# Intersections versus Multiple Pullbacks

In an arbitrary category $\mathcal C$, a subobject of an object $X$ is a monomorphism $m\colon X'\to X$.

The intersection of a class of subobjects $\langle m_i\colon X_i\to X\rangle_{i\in I}$ is defined to be the subobject $m\colon X'\to X$ such that

(1) $m$ factors through each $m_i$,

(2) if a morphism $f\colon Y\to X$ factors through each $m_i$, then it factors through $m$.

Now, the intersection to me seems to be the multiple pullback of the sink $\langle m_i\colon X_i \to X\rangle$, i.e., the limit over it. Indeed, by definition the limit is a morphism $m\colon X'\to X$ such that $m$ factors through each $m_i$ (condition (1) above), and if we are given a cone $\langle f_i\colon Y\to X_i \rangle_{i\in I}$ by composition we have $f\colon Y\to X$ factoring through each $m_i$ which gives us a factorization through $m$ by the universal property. The only thing left to check is $m\colon X'\to X$ is a monomorphism. But this follows again by the universal property of the limit.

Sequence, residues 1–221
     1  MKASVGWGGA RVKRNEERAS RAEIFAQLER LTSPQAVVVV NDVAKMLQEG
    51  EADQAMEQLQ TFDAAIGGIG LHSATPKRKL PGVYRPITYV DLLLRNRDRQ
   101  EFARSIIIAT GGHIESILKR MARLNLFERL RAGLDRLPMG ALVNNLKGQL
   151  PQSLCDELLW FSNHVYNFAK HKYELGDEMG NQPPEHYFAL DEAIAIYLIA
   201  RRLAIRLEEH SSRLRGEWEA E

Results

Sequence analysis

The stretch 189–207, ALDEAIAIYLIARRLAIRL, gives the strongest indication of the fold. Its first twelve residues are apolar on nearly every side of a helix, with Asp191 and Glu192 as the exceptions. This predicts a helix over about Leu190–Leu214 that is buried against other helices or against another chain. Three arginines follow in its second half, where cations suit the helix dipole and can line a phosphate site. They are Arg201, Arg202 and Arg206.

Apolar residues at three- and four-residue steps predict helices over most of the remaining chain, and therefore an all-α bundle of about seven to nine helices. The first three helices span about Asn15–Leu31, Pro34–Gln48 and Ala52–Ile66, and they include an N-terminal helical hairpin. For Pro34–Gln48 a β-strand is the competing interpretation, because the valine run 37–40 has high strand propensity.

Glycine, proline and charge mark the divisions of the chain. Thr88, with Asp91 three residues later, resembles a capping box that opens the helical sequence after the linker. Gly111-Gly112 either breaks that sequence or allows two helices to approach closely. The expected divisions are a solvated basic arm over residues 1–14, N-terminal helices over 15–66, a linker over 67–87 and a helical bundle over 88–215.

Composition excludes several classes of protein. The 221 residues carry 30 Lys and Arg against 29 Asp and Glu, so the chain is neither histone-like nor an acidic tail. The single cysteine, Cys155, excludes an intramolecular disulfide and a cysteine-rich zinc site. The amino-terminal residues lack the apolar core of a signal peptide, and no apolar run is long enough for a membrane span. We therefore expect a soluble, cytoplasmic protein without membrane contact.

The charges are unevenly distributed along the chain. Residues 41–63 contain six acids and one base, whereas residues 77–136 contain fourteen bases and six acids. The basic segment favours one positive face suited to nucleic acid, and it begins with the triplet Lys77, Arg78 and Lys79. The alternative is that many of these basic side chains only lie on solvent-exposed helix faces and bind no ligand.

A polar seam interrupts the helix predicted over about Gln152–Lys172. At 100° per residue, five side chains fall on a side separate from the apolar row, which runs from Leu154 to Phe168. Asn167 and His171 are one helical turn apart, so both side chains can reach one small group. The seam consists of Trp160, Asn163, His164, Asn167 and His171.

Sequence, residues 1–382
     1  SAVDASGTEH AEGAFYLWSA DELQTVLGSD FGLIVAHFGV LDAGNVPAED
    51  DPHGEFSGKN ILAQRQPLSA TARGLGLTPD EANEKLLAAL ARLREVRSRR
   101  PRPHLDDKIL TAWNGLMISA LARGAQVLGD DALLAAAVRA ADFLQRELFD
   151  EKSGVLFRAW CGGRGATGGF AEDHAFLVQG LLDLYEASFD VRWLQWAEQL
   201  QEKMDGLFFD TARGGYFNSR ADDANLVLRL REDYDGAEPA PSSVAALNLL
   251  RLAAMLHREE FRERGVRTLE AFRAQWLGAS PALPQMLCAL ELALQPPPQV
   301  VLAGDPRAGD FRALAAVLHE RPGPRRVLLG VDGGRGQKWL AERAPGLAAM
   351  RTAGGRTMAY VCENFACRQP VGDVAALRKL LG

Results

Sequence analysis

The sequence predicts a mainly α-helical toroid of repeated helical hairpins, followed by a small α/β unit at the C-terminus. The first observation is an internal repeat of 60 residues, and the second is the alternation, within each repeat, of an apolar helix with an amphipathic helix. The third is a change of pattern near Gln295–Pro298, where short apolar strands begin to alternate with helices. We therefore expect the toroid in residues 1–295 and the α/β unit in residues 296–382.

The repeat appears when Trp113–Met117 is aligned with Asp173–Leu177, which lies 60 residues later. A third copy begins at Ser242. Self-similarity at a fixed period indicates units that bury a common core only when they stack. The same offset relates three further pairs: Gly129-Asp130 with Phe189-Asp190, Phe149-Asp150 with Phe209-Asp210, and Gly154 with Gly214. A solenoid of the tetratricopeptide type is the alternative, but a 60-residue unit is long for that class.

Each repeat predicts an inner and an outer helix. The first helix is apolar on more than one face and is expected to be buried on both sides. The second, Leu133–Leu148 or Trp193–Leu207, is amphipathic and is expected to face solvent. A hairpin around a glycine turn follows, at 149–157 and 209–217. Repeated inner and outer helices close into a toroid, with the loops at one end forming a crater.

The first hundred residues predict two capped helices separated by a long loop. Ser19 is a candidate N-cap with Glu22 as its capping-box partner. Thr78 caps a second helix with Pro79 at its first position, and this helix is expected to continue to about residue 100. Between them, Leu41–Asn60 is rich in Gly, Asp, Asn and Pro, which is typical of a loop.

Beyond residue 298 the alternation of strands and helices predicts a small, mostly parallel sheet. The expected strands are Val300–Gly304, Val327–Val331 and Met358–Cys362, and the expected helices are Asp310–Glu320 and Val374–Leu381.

My point of confusion is on pg. 211 in The Joy of Cats which gives the definition of a complete category as one which has all small limits, and a strongly complete category as one which is complete and has intersections.

If a category is complete, it has multiple pullbacks and hence, has intersections. So isn't the definition redundant, i.e., complete categories and strongly complete categories are the same? I must be making a mistake in some definition.

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In the definition of an intersection (Def. 11.23 in Joy of Cats) it is not assumed that the indexing set $I$ is small. Therefore if a category has small limits, it doesn't need to have all intersections (only small ones). In well-powered categories this doesn't make any difference (and most categories are well-powered).